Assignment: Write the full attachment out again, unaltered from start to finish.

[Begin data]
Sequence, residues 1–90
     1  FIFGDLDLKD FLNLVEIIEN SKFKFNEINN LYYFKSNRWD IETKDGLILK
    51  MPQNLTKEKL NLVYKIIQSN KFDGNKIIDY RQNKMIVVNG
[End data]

Sequence, residues 1–90
     1  FIFGDLDLKD FLNLVEIIEN SKFKFNEINN LYYFKSNRWD IETKDGLILK
    51  MPQNLTKEKL NLVYKIIQSN KFDGNKIIDY RQNKMIVVNG